Practical Tips for Getting a Zero Medicare Set-Aside Allocation Approved by CMS

We have all been there. You are ready to settle out your case, and all of a sudden you remember that you might need to consider Medicare’s interest. The thought of a WCMSA may not have been at the front of your mind earlier in the settlement process because an allocation for future medical care is not being considered by the settlement parties. Not wanting to leave any loose ends or potential future exposure, you know you want CMS to review the case and agree that no WCMSA is needed.

You find yourself thinking, “Getting Medicare to agree that no allocation is necessary should be no issue. The settlement is so small, basically nuisance value.” Or you might say, “The IME concluded that no future treatment is needed and it is highly unlikely that the claimant will need future medical care.” You might be right on these points. However, when dealing with CMS, it is not always about being right; it is about getting CMS to agree with you and approve that no WCMSA is needed.

Let us give you some practical advice on how to improve your chances of getting a zero allocation approved by CMS. There are certain things CMS will usually seek prior to approving a zero allocation and there is never a guarantee that CMS will accept a proposed zero allocation; however, the below suggestions may increase the odds of success.

There are two circumstances where a zero allocation would be warranted: a denied/controverted settlement or cases where a claimant does not require future medical care related to the work injury.  

Denied/Controverted Case

  1. Generally, the total settlement amount should be considered nuisance value, or a significantly compromised amount. CMS will be more suspicious of higher settlement amounts where an employer/carrier is alleging a case is totally denied.
  2. No medical expenses or indemnity benefits should be paid prior to the settlement unless the employer/carrier was required to pay by state law during an investigation period. In that case, the employer/carrier should provide a copy of the state law to CMS when submitting the MSA for approval. A recent trend is that CMS will not approve a zero allocation when an advance payment or full payment is made of the settlement proceeds and/or settlement agreement has been finalized (signed and approved as required by state law). Generally, having made no payments to the claimant at the time of the submission of the MSA to CMS will give you the best odds of getting the zero allocation WCMSA approved.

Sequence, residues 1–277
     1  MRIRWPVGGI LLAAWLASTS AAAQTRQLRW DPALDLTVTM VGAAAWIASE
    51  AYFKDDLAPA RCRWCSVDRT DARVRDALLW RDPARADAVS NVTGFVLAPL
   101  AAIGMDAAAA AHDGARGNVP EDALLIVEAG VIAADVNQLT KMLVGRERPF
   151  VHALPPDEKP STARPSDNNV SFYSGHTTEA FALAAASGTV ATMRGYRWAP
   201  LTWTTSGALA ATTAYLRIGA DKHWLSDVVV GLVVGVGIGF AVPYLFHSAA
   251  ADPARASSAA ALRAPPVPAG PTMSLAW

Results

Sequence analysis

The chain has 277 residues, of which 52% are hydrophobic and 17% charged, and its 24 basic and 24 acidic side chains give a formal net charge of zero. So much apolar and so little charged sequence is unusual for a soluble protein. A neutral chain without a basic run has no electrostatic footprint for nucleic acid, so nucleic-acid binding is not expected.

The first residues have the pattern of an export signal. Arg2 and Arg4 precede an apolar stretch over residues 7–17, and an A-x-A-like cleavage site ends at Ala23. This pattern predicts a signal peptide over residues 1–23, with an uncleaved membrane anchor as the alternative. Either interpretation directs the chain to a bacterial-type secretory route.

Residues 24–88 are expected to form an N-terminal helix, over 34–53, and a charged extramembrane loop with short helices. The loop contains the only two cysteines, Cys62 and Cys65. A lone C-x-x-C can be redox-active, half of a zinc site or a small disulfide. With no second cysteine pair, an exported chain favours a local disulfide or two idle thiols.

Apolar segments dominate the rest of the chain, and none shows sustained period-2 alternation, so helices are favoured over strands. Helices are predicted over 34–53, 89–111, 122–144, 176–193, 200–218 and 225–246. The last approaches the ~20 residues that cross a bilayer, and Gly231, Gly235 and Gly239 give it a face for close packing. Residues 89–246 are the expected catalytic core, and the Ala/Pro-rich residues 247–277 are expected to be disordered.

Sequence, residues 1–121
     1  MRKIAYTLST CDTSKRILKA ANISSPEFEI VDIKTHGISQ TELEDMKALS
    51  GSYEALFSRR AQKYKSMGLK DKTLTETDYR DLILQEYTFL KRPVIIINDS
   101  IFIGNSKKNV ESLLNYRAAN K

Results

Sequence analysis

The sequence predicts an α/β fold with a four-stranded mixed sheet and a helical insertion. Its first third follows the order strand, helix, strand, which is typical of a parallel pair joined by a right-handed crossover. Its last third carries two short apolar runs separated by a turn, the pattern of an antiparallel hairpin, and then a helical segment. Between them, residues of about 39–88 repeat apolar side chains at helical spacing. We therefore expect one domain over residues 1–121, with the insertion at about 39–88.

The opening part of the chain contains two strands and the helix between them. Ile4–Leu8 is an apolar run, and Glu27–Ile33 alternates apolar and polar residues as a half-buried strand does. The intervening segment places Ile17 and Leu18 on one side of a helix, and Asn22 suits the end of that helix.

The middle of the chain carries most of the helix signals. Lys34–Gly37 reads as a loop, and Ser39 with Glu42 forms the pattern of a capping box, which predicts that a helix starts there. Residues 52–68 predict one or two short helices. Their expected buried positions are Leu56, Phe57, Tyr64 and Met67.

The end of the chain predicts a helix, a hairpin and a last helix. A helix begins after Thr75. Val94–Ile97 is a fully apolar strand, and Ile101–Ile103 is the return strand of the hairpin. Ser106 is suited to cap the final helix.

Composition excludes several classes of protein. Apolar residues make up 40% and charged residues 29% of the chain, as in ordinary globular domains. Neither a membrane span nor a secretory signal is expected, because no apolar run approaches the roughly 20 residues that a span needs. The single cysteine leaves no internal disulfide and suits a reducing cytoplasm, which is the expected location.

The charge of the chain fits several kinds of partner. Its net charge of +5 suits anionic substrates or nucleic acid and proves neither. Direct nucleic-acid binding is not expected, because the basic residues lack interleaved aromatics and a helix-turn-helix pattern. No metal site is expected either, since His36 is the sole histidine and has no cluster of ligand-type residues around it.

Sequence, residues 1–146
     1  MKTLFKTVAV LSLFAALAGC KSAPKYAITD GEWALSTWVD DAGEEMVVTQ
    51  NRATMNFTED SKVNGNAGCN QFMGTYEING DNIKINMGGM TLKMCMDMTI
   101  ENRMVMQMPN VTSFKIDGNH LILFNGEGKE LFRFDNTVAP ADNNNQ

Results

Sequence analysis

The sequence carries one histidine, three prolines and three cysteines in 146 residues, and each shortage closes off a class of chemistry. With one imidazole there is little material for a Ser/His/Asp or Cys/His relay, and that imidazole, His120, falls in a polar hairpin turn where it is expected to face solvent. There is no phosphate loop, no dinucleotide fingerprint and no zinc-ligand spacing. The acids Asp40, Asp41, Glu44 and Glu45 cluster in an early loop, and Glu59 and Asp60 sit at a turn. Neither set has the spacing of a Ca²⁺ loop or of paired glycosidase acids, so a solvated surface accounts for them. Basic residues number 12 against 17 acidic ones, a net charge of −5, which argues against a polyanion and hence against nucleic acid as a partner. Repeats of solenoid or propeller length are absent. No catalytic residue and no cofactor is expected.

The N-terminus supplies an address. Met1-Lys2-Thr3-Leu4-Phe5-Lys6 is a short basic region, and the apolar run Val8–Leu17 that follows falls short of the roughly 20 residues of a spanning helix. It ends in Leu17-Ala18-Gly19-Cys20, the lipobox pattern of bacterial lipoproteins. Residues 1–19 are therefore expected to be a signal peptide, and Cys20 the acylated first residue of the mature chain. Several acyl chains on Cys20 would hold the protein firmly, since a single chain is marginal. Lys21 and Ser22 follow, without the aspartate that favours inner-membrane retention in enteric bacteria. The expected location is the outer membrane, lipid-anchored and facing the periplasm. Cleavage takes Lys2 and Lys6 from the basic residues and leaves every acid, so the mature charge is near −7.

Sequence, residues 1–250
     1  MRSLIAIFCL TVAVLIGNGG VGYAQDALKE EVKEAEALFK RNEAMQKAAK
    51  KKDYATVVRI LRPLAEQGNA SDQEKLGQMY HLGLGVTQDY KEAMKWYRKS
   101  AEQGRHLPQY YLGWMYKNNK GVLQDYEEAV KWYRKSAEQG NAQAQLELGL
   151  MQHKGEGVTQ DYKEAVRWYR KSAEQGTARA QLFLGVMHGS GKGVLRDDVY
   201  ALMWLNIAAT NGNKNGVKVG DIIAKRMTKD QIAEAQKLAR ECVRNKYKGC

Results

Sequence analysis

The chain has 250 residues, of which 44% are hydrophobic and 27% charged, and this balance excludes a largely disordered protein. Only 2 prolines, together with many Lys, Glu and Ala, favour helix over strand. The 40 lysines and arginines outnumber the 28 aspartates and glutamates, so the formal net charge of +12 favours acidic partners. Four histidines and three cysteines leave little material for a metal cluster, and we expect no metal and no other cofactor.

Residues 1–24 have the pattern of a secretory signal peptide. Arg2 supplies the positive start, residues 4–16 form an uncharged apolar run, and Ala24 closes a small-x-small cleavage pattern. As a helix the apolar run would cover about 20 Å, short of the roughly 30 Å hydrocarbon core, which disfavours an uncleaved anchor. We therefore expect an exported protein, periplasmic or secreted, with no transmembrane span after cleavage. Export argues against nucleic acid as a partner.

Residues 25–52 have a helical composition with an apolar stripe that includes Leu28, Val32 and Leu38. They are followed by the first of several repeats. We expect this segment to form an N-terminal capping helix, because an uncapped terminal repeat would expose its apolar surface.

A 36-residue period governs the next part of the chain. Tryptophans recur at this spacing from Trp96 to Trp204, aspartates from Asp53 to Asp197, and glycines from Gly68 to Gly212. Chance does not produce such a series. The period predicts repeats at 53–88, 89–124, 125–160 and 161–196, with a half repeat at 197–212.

3. Any letters, court orders, or any other documentation which supports the denial of the case should be provided to CMS. Note that a court order where a judge simply approves the parties’ stipulation to no liability is not persuasive with CMS. CMS states in their memoranda that they will only accept court orders where a judge has rendered a decision after a hearing on the merits of the case (see April 22, 2003 memorandum Q&A #5).
  4. Additionally, if the denial is based upon a defense that the treatment is not “causally related” to the accident, a clear report from the treating physician to that effect should be obtained. CMS generally will not accept an opinion rendered by an IME/QME unless there is a court ruling agreeing with the IME/QME opinion.

No Future Medical Care Needed

The April 22, 2003 memorandum (Q&A #20) states that the following criteria need to be met for CMS to approve a zero allocation in this situation:

a) The facts of the case demonstrate that the injured individual is only being compensated for past medical expenses (i.e., for services furnished prior to the settlement);

b) There is no evidence that the individual is attempting to maximize the other aspects of the settlement (e.g., the lost wages and disability portions of the settlement) to Medicare’s detriment; and

c) The individual’s treating physicians conclude (in writing) that to a reasonable degree of medical certainty the individual will no longer require any Medicare-covered treatments related to the WC injury.

Arguably, the most important piece of advice to take away from this three-prong criteria is the third component noted by CMS-that the claimant’s treating physician certifies in writing that no future care is needed. Although CMS has not made it an official policy or stated this in other memoranda, we have seen over the years that CMS gives great deference to the treating physician’s opinion. CMS generally does not give deference to an IME/QME opinion and may not approve a zero allocation if the only medical report stating that no future treatment is needed comes from someone other than the treating physician. Although it may not always be practical or easy to get a treating physician to provide this opinion, due to the deference that CMS gives to treating physicians it may be well worth the effort to obtain it.

Once the treating physician has determined no future treatment is needed for the work related injuries, no further medical payments should be made after the date of the opinion was rendered in writing. If further payments occur after the treating physician’s opinion is received, CMS will likely ignore the no further treatment determination and return an MSA allocation. 

Having CMS validate your settlement and the zero allocation obviously provides a sense of closure to the parties; however, keep in mind that even if your settlement meets CMS review thresholds (see CMS memorandum May 11, 2011 for review thresholds), submission of any WCMSA to CMS is always a voluntary process. In light of the above, employers and carriers should each weigh their tolerance for risk and the circumstances of each case before deciding whether to seek approval of a zero allocation.

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